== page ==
Data from DanMAX is stored centrally at MAX IV and is available for further processing using MAX IV resources – or for download using either the Globus connect service or sftp. Detailed information about downloading the data can be found at the following link.
Data handling guides
All scans at DanMAX results in a number of files written in the HDF5 format (*.h5). The files are written to be NeXuS and/or DXchange compatible.
The raw files are stored in:
while reduced files are stored in:
Ipython notebookes for processing data will be placed in:
Separate experiments/samples may be stored in their own folder. The
raw folder is write protected to protect the raw data. The
scripts, and other folders are not protected, so it is possible to edit/overwrite files in these
Each scan will be saved with the name
#### is a sequential number. It is important to keep track of this number and the corresponding sample/experiment, e.g. by using the Elogy logbook at elogy.maxiv.lu.se.
scan-####.h5 file is a master file that contains the command issued to perform the scan, the scanned parameters (e.g. motor positions), experimental channels (e.g. beam intensity, position, temperature) a snapshot of the instrument at the beginning of the scan and links to the detector data files.
The data from the detectors are located in separate files, e.g.
scan-####_orca.h5. The link from the master file to the detector data is relative, and thus all files must be located in the same folder.
The tomography data is also saved in the DXchange format for straightforward processing using, e.g., TomoPy. This file is located in the
raw folder with the name
scan-####_dxchange.h5. This file still links to the detector data located in the separate files.
To visualize the data and the file structure, we recommend using silx view, which is available on the control computers. The Silx installation files can be found on silx.org
As the PXRD area detector data is compressed using a bit-shuffle algorithm, it is necessary to install hdf5plugin, which can be found on pypi.org
A description of the experimental snapshot parameters is given in the next tab.
Azimuthal integration pipeline
An automated azimuthal integration pipeline is available based on the MATFRAIA algorithm developed by the Birkedal group at Aarhus University (Publication: https://scripts.iucr.org/cgi-bin/paper?S1600577522008232, Python source code). To prepare the pipeline, a
.poni file and a detector mask (
.npy) are needed.
pyFAI-calib2 is installed on the control computers and is commonly used to generate these files. More information about the pipeline can be found on the beamline wiki, under Pilatus 2M CdTe
The integrated data will be available as saved in the following folder, mirroring the folder name and scan number in the /raw/ folder.
It is also possible to process the data in Jupyter notebooks using the MAX IV Jupytherhub, where you need to log in using your DUO credentials. To have access to the regular environment with HDF5, silx, and pyFAI tools, you should select the “HDF5 / Simple Analysis /GPU” kernel.
An automatic tomographic reconstruction pipeline is being developed, and this page will be updated as work progresses.
To prepare the pipeline, a
.tori (Tomographic Reconstruction Information) file is needed. This file is prepared in the ‘Reconstructor’ GUI available at the beamline.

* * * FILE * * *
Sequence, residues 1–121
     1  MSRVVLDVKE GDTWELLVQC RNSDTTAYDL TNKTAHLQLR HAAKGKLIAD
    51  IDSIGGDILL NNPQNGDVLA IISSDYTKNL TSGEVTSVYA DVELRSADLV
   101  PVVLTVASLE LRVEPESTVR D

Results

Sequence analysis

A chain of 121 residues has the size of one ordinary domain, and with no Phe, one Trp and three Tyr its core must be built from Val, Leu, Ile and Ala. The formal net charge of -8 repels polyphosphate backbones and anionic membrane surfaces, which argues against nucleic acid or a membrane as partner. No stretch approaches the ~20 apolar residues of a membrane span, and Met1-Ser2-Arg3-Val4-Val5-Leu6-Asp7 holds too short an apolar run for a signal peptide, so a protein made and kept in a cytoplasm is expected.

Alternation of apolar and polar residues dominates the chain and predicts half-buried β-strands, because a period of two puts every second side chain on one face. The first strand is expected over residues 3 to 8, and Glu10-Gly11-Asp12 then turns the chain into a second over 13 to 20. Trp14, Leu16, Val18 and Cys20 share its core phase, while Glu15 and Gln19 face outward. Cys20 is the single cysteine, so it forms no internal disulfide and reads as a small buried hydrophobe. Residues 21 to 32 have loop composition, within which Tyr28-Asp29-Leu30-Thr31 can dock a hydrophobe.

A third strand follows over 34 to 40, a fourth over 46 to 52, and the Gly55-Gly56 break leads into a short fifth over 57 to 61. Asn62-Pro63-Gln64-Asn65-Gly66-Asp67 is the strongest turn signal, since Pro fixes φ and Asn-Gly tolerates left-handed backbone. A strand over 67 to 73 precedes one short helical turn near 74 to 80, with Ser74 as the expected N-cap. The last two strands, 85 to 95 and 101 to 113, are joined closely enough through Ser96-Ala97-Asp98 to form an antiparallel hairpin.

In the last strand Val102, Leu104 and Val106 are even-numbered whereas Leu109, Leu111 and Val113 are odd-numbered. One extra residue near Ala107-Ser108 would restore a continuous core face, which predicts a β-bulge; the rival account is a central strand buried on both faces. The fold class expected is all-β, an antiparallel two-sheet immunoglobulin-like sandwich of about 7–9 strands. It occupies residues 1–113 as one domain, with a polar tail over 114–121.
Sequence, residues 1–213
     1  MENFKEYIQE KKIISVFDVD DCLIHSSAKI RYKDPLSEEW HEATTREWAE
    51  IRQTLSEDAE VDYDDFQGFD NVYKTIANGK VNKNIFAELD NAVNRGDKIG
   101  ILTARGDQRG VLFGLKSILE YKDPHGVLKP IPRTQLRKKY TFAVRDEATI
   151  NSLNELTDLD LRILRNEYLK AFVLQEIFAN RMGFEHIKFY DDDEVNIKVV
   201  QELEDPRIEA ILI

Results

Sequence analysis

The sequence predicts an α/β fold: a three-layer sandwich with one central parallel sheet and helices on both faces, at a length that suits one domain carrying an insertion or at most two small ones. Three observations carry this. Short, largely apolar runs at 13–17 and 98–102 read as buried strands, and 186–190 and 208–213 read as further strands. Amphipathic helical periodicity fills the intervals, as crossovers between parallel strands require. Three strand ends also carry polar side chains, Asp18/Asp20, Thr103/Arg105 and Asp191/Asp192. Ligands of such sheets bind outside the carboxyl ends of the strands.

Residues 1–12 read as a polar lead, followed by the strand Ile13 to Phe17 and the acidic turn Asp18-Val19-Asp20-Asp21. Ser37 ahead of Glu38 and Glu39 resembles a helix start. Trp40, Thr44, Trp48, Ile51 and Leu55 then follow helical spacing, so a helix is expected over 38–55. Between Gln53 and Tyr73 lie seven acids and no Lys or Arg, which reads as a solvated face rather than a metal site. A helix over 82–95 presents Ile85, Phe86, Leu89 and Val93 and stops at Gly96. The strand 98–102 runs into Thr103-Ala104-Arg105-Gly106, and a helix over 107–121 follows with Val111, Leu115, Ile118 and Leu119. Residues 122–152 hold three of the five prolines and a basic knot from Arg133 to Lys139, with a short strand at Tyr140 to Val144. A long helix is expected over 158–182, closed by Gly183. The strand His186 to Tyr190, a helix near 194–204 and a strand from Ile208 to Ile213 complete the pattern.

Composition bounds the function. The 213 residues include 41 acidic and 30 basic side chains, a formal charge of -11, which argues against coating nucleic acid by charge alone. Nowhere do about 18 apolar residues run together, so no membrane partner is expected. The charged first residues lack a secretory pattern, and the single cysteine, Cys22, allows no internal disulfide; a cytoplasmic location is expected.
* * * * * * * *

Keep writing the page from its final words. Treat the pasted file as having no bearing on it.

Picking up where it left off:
The reconstructed volumes will be available as saved in the following folder, mirroring the folder name and scan number in the /raw/ folder.
It is also possible to process the data in Jupyter notebooks, using either the normal MAX IV Jupyterhub (~8 cores, 50 GB of memory) or the high-performance HPC Jupyterhub (Up to 32 cores, 384 GB of memory and possibility for Nvidia V100 GPU). You will need a VPN connection and DUO credentials to log in to either system.
Select the “Tomography” kernel for access to the correct packages for tomographic reconstruction and analysis.
The experimental snapshot is a recording of the essential instrument parameters at the beginning of the scan. The snap shot is contained in the master file for each scan, and is located under
|Is the undulator gap
|Energy of the Si111 hDCM based on encoder position
|Energy of the hMLM based on encoder position
|Is the horizontal/vertical openings and offsets of the slits
|Is referring to positions of the equipment on the Beam Conditioning Unit
|Is referring to positions of the axis of the Tomograph
|Is referring to positions of the axis of the optical bench and the small gantry
|Is referring to the positions of the equipment on the PXRD2D instrument
|Is referring to the position of the Large Gantry
|Is the X and Y position of the X-ray beam position monitor on the BCU
|The tomography sample to microscope distance. Caution: May not reflect the actual distance if a calibration has not been performed after changing the configuration.
|Is the X and Y position of the PXRD2D pinhole
|Is the position and angle of the PXRD2D hexapod
|Is the position of the optional rotation table at the PXRD2D instrument
|Was the PXRD2D sample spinner spinning at the beginning of the scan?
|Is the location of the PXRD2D beamstop
|PXRD2D sample to detector distance (Pilatus 2M on the large gantry) of it is not tilted. Caution: May not reflect the actual distance if a calibration has not been performed after changing the configuration.
|Is the energy setting on the Pilatus responsible for setting the flatfield of the detector
|Is the threshold energy of the Pilatus responsible for energy discrimination
|PXRD2D sample to XRF detector distance. Caution: May not reflect the actual distance if a calibration has not been performed after changing the configuration.
Some names are self-explanatory and not listed here.